Over those years I had a couple trips to the Hospital Emergency and admitted to a detox facility not by my choice. I had tried programs like Suboxone under a doctor’s care but nothing was working because I didn't want to stop using. It doesn’t make sense but I liked the feeling of simply, feeling nothing. Although everyone around me could see me self-destructing I had no idea how bad it had become and felt everything was fine, the drug had taken hold of my thought process to distinguish right from wrong. My parents suffered anxiety, worry and sorrow with many sleepless nights seeking answers on what to do. Feeling hopeless they had put their lives on hold to help me get mine back together. I stopped taking care of myself and lost my appetite for food loosing nearly 100 pounds in a year. I was in a dark place of depression and began thinking there was no point to living. After lots of self-harm, car accidents, suicidal thoughts and misery, I made up my mind that it was time to take back the control of my life and once again go to a detox facility. During the early stage at detox, I was so weak that I fainted and hit my head ending up in the Hospital emergency department. The ambulance paramedic told me in the most serious voice that I was lucky to be alive and she was shocked I still was. Hearing that statement was yet another wake up call that I was in need of serious help.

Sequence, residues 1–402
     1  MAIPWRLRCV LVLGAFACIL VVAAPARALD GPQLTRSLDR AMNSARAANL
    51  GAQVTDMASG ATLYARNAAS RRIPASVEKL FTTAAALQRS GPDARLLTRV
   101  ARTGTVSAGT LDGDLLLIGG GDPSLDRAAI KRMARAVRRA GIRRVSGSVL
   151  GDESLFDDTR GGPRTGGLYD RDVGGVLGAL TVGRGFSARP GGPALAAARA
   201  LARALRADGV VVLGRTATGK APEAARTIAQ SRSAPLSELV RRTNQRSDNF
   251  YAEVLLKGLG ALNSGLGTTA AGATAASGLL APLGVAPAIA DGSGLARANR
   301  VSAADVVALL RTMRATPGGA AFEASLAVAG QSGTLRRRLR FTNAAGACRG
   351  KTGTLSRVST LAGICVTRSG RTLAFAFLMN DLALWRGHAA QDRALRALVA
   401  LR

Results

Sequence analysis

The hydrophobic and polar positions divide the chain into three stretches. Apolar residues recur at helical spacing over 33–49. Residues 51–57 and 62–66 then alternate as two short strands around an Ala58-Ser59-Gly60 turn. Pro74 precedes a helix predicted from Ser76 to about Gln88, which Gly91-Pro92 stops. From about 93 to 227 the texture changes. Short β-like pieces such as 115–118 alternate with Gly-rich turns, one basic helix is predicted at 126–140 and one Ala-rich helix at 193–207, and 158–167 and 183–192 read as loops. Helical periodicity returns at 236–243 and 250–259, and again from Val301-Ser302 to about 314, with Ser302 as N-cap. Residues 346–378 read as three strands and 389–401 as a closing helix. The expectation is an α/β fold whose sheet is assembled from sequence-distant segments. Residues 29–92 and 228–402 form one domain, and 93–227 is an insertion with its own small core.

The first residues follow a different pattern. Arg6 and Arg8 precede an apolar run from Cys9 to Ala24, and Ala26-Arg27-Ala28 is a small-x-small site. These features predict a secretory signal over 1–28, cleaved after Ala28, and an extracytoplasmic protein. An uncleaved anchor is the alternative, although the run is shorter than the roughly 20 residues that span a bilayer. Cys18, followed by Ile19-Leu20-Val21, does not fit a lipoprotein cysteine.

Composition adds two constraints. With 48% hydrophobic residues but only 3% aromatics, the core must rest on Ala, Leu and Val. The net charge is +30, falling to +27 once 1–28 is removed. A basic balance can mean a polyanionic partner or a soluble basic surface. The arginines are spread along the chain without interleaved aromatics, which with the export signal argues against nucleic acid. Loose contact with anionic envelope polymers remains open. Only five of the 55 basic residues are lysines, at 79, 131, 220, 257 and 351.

With the help and support of a dear friend, my family, my workplace management and the Unifor Union the process began. After 10 days in detox I attended a 19-day program that I believe in unison with the previous support, saved my life. I learned so many valuable lessons during that time. I learned that I wasn't alone and that so many other people shared similar experiences and were on the same path of self destruction. After commencing the program I immediately joined a fellowship and attended regular meetings. I did all the proven things I was taught at the treatment center. I started building positive relationships with my family, new friends and the old friends I had let go of in the past, I am finally working towards goals and can see a bright positive future for myself. Today, I can say I am truly happy. During my worst times I couldn’t even remember what pure joy felt like and now I experience it everyday. I now see that there is more to life then using and I live each day happy joyous and free.
Attending the meetings in my fellowship is how I discovered Spiritual Soldiers and I learned it is a movement of like-minded people who want to end the stigma surrounding addiction by educating and support. I've learned that I don't have to fight this war alone anymore, that the support is here, recovery is possible you just have to take that first leap of faith. Every day is a battle that I choose to claim victory over because I fight for my life and sobriety. The freedom I now have is the most amazing feeling you could ever imagine.